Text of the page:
Children's Health HIV and AIDS OurHealth

HIV status was ‘was our secret to keep & tell’

Written by Cynthia Maseko

Njabulo Sibande* was born with HIV. His parents had been planning to tell the teenager until an aunt beat them to it. Njabulo’s parents say the unplanned disclosure has left the teen reeling.

Young boyNjabulo’s mother, Kholi, never tested for HIV while she was pregnant so doctors never knew to start her on prevention of mother-to-child HIV transmission (PMTCT) treatment to protect Kholi’s unborn son from contracting the virus.

Although Njabulo has been on antiretroviral (ARV) treatment from an early age, Kholi and her husband Thomas never told the child what the pills were for. They also made sure to remove the labels from the pill bottles before Njabulo could read what was on them.

The pair had been waiting until Njabulo was older to disclose his status to him until an aunt told Njabulo, then just nine years old, that he was HIV positive.

“She had no right disclosing our son’s HIV status because over the years we work so hard to hide it from him,” Kholi told OurHealth. “As parents, we always thought he was too young to understand.”

“Even though there were many conversations about HIV and ARVs, we still saw our baby boy,” she adds.

‘He shut down completely’

Now 13 years old, Njabulo says he always suspected that something was amiss.[quote float= right]“I didn’t believe what my ears had heard because I wanted it so badly not to be true, but it was”

“Growing up, I knew something was different about me because keeping me health was important to my parent and I was always on treatment,” says the teen. “My parents would always tear up the treatment labels.”

“It was always a secret (why) I was on treatment until at the age of nine when I accidentally heard my aunt talking about my HIV status,” Njabulo adds. “At first, I didn’t believe what my ears had heard because I wanted it so badly not to be true, but it was.”

Kholi says she watched her baby boy shut down after the disclosure.

“He completely shut down, blocked his emotions from the whole family and refused our support,” she says. “He started abusing substances and ran away from home. It was then that he defaulted on ARVs.”

‘Never assume a child is too young’

Older brother Thuso watched Njabulo’s downward spiral before referring him to a local youth group.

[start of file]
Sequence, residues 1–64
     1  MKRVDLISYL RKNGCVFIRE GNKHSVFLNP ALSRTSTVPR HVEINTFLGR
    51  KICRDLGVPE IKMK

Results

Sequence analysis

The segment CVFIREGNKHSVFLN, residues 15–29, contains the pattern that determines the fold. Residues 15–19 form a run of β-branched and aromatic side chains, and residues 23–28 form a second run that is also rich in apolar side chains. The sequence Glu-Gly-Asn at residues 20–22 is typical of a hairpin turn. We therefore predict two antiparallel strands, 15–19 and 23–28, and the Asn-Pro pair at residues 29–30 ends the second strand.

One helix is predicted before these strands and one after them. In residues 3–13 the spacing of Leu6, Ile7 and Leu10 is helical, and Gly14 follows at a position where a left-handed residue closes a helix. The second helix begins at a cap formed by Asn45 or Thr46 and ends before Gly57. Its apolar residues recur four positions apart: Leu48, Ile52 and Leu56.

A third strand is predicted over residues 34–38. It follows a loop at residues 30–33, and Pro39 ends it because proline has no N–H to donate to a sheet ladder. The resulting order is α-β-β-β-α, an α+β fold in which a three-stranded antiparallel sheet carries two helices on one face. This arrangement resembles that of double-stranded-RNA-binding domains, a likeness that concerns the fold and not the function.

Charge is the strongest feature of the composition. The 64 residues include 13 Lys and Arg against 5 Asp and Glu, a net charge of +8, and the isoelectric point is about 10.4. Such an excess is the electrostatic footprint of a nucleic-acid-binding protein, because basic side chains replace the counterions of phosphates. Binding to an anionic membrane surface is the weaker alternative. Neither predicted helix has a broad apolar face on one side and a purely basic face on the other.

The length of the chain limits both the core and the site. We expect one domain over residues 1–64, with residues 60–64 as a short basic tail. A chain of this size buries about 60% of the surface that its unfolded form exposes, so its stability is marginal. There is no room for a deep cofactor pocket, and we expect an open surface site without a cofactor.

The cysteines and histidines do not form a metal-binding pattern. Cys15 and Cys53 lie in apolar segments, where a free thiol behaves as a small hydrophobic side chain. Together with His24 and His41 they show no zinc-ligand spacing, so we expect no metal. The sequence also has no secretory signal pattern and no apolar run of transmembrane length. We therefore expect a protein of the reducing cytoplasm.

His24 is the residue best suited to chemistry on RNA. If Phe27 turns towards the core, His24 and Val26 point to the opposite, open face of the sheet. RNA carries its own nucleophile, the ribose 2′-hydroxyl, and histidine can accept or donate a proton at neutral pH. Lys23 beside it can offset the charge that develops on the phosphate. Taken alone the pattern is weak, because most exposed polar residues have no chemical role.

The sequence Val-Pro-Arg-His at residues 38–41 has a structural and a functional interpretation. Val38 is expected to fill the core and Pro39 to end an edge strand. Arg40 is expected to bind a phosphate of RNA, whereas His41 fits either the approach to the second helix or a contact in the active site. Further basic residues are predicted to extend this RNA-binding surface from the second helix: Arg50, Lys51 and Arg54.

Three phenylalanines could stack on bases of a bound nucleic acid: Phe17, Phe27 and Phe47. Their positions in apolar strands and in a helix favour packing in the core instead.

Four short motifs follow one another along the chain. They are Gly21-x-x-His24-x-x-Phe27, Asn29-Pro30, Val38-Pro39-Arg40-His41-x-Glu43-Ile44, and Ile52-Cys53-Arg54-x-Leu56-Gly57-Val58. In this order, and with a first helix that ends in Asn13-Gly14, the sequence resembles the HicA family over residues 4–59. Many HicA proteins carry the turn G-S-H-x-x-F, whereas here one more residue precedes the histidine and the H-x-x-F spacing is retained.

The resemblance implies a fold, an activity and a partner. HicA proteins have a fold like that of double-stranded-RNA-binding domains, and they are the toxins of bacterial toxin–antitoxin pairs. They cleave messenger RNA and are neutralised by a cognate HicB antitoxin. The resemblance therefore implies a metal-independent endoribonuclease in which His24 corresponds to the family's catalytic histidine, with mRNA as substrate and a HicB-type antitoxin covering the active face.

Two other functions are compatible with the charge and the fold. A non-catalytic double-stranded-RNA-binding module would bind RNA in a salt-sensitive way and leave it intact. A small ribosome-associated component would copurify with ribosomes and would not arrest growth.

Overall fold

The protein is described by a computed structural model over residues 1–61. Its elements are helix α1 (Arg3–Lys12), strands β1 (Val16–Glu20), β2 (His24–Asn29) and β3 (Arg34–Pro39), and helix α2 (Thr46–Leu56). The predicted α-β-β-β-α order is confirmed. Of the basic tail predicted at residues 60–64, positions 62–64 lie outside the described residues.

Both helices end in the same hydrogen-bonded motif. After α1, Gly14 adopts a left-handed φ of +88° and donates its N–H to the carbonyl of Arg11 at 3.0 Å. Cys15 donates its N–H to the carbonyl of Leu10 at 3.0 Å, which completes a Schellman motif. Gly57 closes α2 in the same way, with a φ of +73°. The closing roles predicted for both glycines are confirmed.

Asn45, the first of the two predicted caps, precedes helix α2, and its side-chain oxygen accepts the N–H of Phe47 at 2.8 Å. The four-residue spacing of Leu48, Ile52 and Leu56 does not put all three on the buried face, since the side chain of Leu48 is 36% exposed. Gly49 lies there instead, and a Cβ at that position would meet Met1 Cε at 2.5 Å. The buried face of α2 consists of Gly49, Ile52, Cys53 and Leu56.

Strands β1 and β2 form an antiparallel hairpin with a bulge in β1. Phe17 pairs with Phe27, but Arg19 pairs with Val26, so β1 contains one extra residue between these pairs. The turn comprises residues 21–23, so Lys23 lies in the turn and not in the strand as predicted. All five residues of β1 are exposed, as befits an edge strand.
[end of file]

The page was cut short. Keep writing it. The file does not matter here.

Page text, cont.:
“I remember every time when he drank, he use say out of nowhere, “Ngine Aids” (I have Aids) and when his was sober denied ever saying such a thing,” Thuso says. “He may think I don’t understand his pain, but I do because we are all affected as well and it doesn’t take a person to be HIV positive to understand such pain.”

“What I like about this group is that there are lessons about HIV, sexually transmitted infections, tuberculosis and condom use… accepting those infected and affected by HIV,” says Njabulo of the group. “We all joined (the group)…for different reason, mine was finding a group where I could feel safe and accepted, and to be where I could have a voice without being judged and questioned.”

Njabulo’s father Thomas says he wishes he had disclosed to his son early.

“The lesson learned is never assume that your kids are too young to understand any situation,” he advises. “Rather be honest with them than to regret your decision later”.

*All names changed to protect the identity of the child

About the author

Cynthia Maseko

Cynthia Maseko joined OurHealth in 2013 as a citizen journalist working in Mpumalanga. She is passionate about women’s health issues and joined Treatment Action Campaign branch as a volunteer after completing her matric. As an activist she has been involved with Equal Treatment, Planned Parenthood Association of South Africa, Prevention of Mother to Child Transmission of HIV and also with Marie Stopes Clinic’s project Blue Star dealing with the promotion of safe abortions and HIV education.